The Supreme Court has explained the standard of review applicable to a trial court's decision on a motion to suppress, as follows:

[A]n appellate court reviewing a motion to suppress must uphold the factual findings underlying the trial court's decision so long as those findings are "supported by sufficient credible evidence in the record." [State v. Elders, 386 N.J. Super. 208, 228 (App. Div. 2006)] (citing State v. Locurto, 157 N.J. 463, 474 (1999)); see also State v. Slockbower, 79 N.J. 1, 13 (1979) (concluding that "there was substantial credible evidence to support the findings of the motion judge that the . . . investigatory search [was] not based on probable cause"); State v. Alvarez, 238 N.J. Super. 560, 562-64 (App. Div. 1990) (stating that standard of review on appeal from motion to suppress is whether "the findings made by the judge could reasonably have been reached on sufficient credible evidence present in the record" (citing State v. Johnson, 42 N.J. 146, 164 (1964))).

An appellate court "should give deference to those findings of the trial judge which are substantially influenced by his opportunity to hear and see the witnesses and to have the 'feel' of the case, which a reviewing court cannot enjoy." Johnson, supra, 42 N.J. at 161. An appellate court should not disturb the trial court's findings merely because "it might have reached a different conclusion were it the trial tribunal" or because "the trial court decided all evidence or inference conflicts in favor of one side" in a close case. Id. at 162. A trial court's findings should be disturbed only if they are so clearly mistaken "that the interests of justice demand intervention and correction." Ibid. In those circumstances solely should an appellate court "appraise the record as if it were deciding the matter at inception and make its own findings and conclusions." Ibid. [State v. Elders, 192 N.J. 224, 243-44 (2007).]

In contrast to a judge's factual findings, a judge's legal determinations are subject to our plenary review on appeal. State v. Cleveland, 371 N.J. Super. 286, 295 (App. Div.) (citing State v. Sailor, 355 N.J. Super. 315, 320 (App. Div. 2001)), certif. denied, 182 N.J. 148 (2004).

The United States Supreme Court has emphasized the protections afforded by the Fourth Amendment to the home as follows:

It is axiomatic that the "physical entry of the home is the chief evil against which the wording of the Fourth Amendment is directed." And a principal protection against unnecessary intrusions into private dwellings is the warrant requirement imposed by the Fourth Amendment on agents of the government who seek to enter the home for purposes of search or arrest. It is not surprising, therefore, that the Court has recognized, as "a 'basic principle of Fourth Amendment law[,]' that searches and seizures inside a home without a warrant are presumptively unreasonable." [Welsh v. Wisconsin, 466 U.S. 740, 748-49, 104 S. Ct. 2091, 2097, 80 L. Ed. 2d 732, 742 (1984) (alteration in original) (internal citations and footnote omitted).]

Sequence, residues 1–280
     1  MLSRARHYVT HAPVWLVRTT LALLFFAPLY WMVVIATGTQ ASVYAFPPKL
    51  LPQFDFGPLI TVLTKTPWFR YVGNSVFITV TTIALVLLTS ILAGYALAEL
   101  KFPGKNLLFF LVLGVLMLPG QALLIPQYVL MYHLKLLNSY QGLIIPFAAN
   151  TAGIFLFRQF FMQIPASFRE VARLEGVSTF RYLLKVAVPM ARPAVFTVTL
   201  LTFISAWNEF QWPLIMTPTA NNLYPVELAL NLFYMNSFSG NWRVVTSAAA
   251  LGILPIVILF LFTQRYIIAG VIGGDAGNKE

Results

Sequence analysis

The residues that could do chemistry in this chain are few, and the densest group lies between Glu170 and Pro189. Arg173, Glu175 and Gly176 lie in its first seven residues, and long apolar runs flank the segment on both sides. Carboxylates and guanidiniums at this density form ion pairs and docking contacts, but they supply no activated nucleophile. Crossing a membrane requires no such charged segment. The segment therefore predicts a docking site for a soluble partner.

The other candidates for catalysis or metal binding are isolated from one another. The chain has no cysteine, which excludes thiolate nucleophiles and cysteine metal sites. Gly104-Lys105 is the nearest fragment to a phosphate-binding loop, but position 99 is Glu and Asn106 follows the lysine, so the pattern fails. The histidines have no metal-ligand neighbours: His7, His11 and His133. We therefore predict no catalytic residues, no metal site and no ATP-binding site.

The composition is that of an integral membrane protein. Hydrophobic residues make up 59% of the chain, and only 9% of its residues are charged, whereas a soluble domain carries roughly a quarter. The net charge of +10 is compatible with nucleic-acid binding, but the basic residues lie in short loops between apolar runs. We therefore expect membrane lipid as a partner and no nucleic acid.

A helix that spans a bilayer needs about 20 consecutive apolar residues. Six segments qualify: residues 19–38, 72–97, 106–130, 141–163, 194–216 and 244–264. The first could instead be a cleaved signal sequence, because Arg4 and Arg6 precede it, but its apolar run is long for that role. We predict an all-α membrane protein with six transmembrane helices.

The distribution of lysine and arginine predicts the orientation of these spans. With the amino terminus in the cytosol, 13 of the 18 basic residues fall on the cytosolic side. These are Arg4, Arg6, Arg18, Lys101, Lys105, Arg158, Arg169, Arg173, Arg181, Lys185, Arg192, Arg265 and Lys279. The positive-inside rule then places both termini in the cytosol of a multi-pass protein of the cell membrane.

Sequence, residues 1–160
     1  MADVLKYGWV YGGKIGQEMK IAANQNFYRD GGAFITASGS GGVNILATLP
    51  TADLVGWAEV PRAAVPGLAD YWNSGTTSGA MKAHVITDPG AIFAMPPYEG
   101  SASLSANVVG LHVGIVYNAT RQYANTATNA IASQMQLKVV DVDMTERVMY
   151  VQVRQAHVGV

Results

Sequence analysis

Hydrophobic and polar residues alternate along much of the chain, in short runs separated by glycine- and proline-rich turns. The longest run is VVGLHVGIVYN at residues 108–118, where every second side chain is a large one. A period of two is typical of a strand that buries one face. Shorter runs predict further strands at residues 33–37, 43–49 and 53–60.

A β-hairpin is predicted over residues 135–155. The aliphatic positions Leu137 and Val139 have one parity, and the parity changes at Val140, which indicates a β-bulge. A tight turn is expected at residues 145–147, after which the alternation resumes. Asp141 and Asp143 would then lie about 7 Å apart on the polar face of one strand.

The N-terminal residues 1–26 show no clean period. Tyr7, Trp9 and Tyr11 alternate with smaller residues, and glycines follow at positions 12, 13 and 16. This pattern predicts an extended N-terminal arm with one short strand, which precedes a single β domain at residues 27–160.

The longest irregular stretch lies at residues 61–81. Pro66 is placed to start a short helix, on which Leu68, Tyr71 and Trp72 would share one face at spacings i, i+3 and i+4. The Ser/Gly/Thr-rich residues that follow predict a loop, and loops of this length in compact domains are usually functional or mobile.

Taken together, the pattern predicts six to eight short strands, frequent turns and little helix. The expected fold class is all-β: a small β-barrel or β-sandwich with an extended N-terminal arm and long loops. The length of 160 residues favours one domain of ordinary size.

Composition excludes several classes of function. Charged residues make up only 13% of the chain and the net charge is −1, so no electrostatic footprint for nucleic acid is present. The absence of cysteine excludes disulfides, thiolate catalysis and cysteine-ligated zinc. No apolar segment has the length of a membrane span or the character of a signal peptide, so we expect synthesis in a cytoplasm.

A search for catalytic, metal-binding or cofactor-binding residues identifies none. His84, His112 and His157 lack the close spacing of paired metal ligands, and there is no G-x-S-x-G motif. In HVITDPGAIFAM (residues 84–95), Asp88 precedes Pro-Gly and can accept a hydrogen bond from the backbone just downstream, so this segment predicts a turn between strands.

Indeed, warrantless arrests in the home are permissible only when there exists both probable cause and exigent circumstances. Payton v. New York, 445 U.S. 573, 588-89, 100 S. Ct. 1371, 1381, 63 L. Ed. 2d 639, 652 (1980). The United States Supreme Court has recognized only a few situations that constitute the necessary exigent circumstances to make the warrantless arrests in the home lawful. See Welsh, supra, 466 U.S. at 750, 104 S. Ct. at 2097-98, 80 L. Ed. 2d at 743 ("United States v. Santana, 427 U.S. 38, 42-43[, 96 S. Ct. 2406, 2409-10, 49 L. Ed. 2d 300, 305-06] (1976) (hot pursuit of a fleeing felon); Warden v. Hayden, 387 U.S. 294, 298-299[, 87 S. Ct. 1642, 1645-46, 18 L. Ed. 2d 782, 787-88] (1967) (same); Schmerber v. California, 384 U.S. 757, 770-771[, 86 S. Ct. 1826, 1835-36, 16 L. Ed. 2d 908, 919-20] (1966) (destruction of evidence); Michigan v. Tyler, 436 U.S. 499, 509[, 98 S. Ct. 1942, 1950, 56 L. Ed. 2d 486, 499] (1978) (ongoing fire)").

Even in cases in which exigent circumstances are found to exist, if "the government's interest is only to arrest for a minor offense, th[e] presumption of unreasonableness is difficult to rebut, and the government usually should be allowed to make such arrests only with a warrant issued upon probable cause by a neutral and detached magistrate." Welsh, supra, 466 U.S. at 750, 104 S. Ct. at 2097-98, 80 L. Ed. 2d at 743 (footnote omitted); see also State v. Holland, 328 N.J. Super. 1, 8 (App. Div.) (quoting Welsh, supra, 466 U.S. at 750, 104 S. Ct. at 2097-98, 80 L. Ed. 2d at 743), certif. denied, 164 N.J. 560 (2000); State v. Guertin, 461 A.2d 963, 970 (Conn. 1983) ("The [exigent-circumstances] exception is narrowly drawn to cover cases of real and not contrived emergencies. The exception is limited to the investigation of serious crimes; misdemeanors are excluded.").